on the site and put the solar panels on the rooftops in Las Vegas.” Carl Zichella, renewable energy coordinator for the Sierra Club is saying that we need to develop half of the Mojave Desert for renewable energy so the other half will survive global warming. You have the same sun in the same desert beating down on those bare rooftops in Las Vegas everyday. Sounds like the off roader is a better environmentalist! Sorry Carl, you get an F…
Ivanpah Valley
The Ivanpah Valley in California and After Below
The Ivanpah Valley after.

   So where are all those enviros? Have all of them really decided that destroying large tracts of wilderness to make room for large industrial energy developments are the only way to save humanity from global warming?
   One by one, the big name environmental organizations fell like Dominos. The Sierra Club, National Resources Defense Council, Greenpeace, and the Wilderness Society have all taken the position of “develop the desert or doomsday”. They seem outright convinced that development and complete removal of these ecosystems is an essential move we must make to curtail greenhouse gas emmisions .

We formed Basin and Range Watch
as volunteers to go against this trend.
We live in rural backcountry Nevada
and we are happy to be NIMBYs,
trying to protect our
desert home from becoming
the next “resource” for extraction.

Many of them will tell you that using alternative energy in environmentally low impace ways would not be enough, yet the same people never seem to recognize the carbon or GHG footprint large industrial renewable energy leaves.

Most industrial renewable solar plants require a natural gas burning base load to keep the power running after hours, while roof top photovoltaics can store afterhour energy in small battery systems. Another inconvenient truth is the large network of transmission lines that will not only soil the last remaining beauty of the American landscape, but release a little known greenhouse gas called SF6 gas which is used primarily in electricity transmission---and is emitted in especially large amounts in construction of new lines. According to the US Environmental Protection Agency,SF6 gas is 24,000 times as potent as

CO2 in its global warming impacts.
   Environmental organizations often take tax deductible grants from large Wall Street entities. When large energy developers give out grants to large commercial environmental organizations, it seems like industrial energy development conveniently goes “green”. One hope is that many local chapters of these organizations have not lost their vision. Many long time desert activists are not so willing to give up their ideals. If anything holds these big groups together, it is the grass roots people that created them.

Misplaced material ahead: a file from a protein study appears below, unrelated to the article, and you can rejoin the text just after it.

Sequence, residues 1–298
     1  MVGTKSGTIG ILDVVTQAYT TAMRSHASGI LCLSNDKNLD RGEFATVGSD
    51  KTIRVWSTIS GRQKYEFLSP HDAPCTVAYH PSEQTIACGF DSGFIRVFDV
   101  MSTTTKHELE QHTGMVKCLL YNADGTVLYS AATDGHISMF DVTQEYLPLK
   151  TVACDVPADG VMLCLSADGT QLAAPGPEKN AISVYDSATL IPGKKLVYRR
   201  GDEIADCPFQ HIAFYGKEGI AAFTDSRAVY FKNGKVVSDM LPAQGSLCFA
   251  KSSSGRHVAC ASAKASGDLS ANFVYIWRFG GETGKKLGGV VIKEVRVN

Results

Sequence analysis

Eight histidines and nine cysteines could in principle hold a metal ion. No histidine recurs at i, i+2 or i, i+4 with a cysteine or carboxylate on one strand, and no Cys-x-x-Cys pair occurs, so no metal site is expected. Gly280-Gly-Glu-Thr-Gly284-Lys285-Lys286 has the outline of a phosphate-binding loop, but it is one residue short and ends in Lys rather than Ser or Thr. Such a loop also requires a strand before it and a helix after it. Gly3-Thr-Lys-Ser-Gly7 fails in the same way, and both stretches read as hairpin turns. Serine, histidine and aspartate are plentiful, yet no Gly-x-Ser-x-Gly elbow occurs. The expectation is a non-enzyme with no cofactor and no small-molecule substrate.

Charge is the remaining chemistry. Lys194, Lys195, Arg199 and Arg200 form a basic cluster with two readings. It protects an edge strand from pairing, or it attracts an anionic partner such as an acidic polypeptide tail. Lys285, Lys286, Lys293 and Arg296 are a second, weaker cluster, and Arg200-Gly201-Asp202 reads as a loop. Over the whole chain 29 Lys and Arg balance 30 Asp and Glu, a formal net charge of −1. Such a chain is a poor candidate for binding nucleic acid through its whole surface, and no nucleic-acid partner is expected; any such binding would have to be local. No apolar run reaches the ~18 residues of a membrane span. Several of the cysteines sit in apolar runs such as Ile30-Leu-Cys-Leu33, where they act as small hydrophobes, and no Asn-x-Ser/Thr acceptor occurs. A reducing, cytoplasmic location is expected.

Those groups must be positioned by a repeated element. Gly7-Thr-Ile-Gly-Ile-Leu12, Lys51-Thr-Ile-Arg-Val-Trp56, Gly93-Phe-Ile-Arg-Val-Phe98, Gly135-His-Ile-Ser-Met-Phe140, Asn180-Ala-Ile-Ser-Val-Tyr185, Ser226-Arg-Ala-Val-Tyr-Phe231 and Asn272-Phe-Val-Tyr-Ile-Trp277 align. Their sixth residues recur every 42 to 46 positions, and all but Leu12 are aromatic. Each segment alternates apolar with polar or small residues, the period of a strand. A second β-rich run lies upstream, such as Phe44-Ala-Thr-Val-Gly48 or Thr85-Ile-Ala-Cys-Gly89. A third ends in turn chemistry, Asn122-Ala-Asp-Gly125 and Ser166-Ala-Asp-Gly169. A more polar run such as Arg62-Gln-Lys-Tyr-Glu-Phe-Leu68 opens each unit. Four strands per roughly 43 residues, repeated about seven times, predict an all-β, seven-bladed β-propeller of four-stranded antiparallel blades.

Seems like 20 or 30 years ago, folks were concerned about protecting their local places, that specific mountain, the river nearby, those particular named canyons near where they lived, and the wilderness they hiked in. Today the shift among environmentalists has highlighted the global, the abstract, even the corporate model of “saving the Earth.” We are often lectured by this new hybrid of industrial green energy environmentalists about how our attempts to slow down these renewable energy mega-developments will expedite the warming of the planet and the extinction of the polar bear. We find it ludicrous that these same people would support actions that could lead to the extinction of species like the desert tortoise in an attempt to save the polar bear. Who told them that they were justified in choosing which species get to survive and which do not? Our position is that the destruction of desert ecosystems, which have been shown to be excellent resources for storing vast quantities of soil carbon, will only speed up the potential habitat loss for the polar bear. Climate is, after all, a global system.

   We formed Basin and Range Watch as volunteers to go against this trend. We live in rural backcountry Nevada and we are happy to be NIMBYs, trying to protect our desert home from becoming the next “resource” for extraction. We have worked as biologists, often on government jobs, so we were familiar with the process of how public lands are (mis)managed. We can only hope that our present crop of land managers will realize how valuable the giant desert fan full of tortoises and cholla that NextLight seeks to grab is, and leave it be.

Basin Range Watch
   The Mojave and Great Basin Deserts -- home to a wide range of biodiverse communities, including people. Our aim is to celebrate the diversity of life here and highlight the threats to our desert home. This place is more than a wilderness, it is a living landscape, full of unique plants, animals, fungi, and people.
   This site covers the geographic area of Mojave, Colorado, and Great Basin deserts centering around Nevada and California, but also venturing into Oregon, Idaho, Utah, and Arizona. We especially explore the areas ignored by others (but cherished by many): the vast creosote and sagebrush flats, white playas, rocky hills, and pinyon-juniper mountains. These are not ‚wastelands‚ but vibrant, rich, beautiful landscapes that we call home.
Contact us at: editors@basinandrangewatch.org